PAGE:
A wrapper for snapper: cooking with hoja santa, Mexican root beer plant

August 4, 2011 | By | Comments (3)

Now that the weather has warmed up, our hoja santa leaves have grown about 8 inches across, big enough to use as wrappers. We’ve been psyched to try the plant, because this stuff actually smells—and tastes—like root beer! (Root beer plant is another name for Piper auritum.)

Hoja santa in the Sunset test garden

Heart-shaped hoja santa in a shady spot in the Sunset test garden

Cooks in southern Mexico wrap hoja santa around fish and tamales to give the food an herbaceous, anise- and root beer-like flavor. They also use the leaves in mole verde and soups.

Wanting something easy, I went for the wrappers and just folded the leaves around snapper with a few seasonings. Instead of steaming the packets—the classic technique—I popped them on the grill. Works beautifully, and they come off the grill with a big waft of that anisey, root-beer aroma.

For more on growing hoja santa and to watch a short video with Mexico’s chef Federico López on all sorts of Mexican cooking greens, see below.

Grilled snapper wrapped in hoja santa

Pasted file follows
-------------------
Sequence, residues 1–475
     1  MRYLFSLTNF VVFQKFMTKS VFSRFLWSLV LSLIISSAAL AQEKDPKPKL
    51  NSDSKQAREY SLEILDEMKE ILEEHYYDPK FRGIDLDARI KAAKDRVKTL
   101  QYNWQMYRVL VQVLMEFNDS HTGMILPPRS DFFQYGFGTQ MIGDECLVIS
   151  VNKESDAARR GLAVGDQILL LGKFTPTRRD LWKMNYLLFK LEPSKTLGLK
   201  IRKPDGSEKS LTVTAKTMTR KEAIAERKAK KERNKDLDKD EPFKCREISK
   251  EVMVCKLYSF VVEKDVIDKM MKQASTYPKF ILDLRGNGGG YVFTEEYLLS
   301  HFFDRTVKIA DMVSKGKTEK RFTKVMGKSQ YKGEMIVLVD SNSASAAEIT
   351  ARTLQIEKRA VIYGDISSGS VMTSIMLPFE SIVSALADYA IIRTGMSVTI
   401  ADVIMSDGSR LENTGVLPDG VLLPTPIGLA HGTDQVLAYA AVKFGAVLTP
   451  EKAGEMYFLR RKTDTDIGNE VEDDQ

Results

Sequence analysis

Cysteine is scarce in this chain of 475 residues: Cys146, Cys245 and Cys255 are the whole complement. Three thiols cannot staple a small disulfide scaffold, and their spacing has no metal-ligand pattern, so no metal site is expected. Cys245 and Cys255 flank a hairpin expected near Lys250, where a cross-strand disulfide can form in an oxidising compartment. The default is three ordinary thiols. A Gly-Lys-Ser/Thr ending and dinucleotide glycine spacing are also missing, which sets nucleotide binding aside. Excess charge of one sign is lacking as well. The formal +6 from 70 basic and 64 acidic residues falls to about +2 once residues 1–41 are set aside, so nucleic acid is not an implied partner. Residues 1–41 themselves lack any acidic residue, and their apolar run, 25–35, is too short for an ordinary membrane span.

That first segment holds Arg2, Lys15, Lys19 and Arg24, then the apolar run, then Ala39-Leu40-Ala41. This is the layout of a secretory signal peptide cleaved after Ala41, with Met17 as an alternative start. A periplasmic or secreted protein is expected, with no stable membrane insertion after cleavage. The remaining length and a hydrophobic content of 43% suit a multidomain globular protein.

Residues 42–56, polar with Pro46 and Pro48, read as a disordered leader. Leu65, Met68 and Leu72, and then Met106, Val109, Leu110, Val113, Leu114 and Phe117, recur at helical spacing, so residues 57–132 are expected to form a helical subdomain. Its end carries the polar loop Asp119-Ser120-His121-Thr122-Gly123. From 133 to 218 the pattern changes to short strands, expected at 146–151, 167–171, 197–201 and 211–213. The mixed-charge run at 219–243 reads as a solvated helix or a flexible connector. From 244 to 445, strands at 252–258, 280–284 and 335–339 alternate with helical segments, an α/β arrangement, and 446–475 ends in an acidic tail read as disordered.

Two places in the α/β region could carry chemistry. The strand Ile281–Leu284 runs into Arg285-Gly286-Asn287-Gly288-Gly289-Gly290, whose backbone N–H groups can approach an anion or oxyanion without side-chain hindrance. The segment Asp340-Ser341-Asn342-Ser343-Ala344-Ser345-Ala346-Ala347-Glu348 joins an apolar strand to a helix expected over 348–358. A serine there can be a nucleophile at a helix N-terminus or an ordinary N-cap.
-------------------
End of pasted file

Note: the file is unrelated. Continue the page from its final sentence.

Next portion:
SERVES 2 to 4

4 fillets (1 lb.) Pacific snapper

About 1 1/2 tbsp. olive oil

1 large orange wedge

Kosher salt

Minced red or green serrano chile (optional)

4 large fresh hoja santa leaves, stems trimmed

1. Heat grill to medium (about 375°). Put the snapper in a wide bowl and coat it in about 1 tbsp. olive oil. Squeeze a little orange juice on top, then season to taste with salt and a little chile.

2. Lay the hoja santa leaves flat. Cut and stack each fish fillet as needed to fit at the base of a leaf, leaving enough leaf open to enclose the fish. Fold the sides of the leaves over the fish, then roll to enclose. Secure ends of leaves with toothpicks. Brush outsides with more oil.

How to wrap fish in hoja santa
3. Grill, turning once, until the fish is just opaque in the center, 6 to 8 minutes.

Snapper wrapped in hoja santa

Growing hoja santa

You can order hoja santa from Companion Plants. Johanna Silver, our test garden coordinator, recommends watering the plant every few days and growing it in filtered sunlight.

Mexican greens with chef Federico López

I first learned about hoja santa at Food & Wine’s Food of Mexico festival in Ixtapa and Zihuatanejo this spring when Federico López, one of Mexico’s top chefs, did a demo on cooking with quelites, or Mexican greens. Click below to hear what he has to say. If you hear crashing surf and seagulls in the background, it’s because we were just a few yards from the Pacific ocean!

 

 

 

 

COMMENTS

  1. Bea.Fiore

    Where do u buy the plant?

    February 15, 2013 at 1:12 pm
  2. Elaine Johnson

    Thanks, Barbara! Good to know that the hoja santa will be with us for awhile–I’m hooked.

    August 8, 2011 at 6:07 pm
  3. Barbara Hansen

    Great article, Elaine. Once you plant a shoot, hoja santa (also known as acuyo) grows so voraciously that you’d better watch where it’s going. Good that it’s so sturdy, because it’s a super seasoning, versatile and unique.

    August 4, 2011 at 11:07 pm

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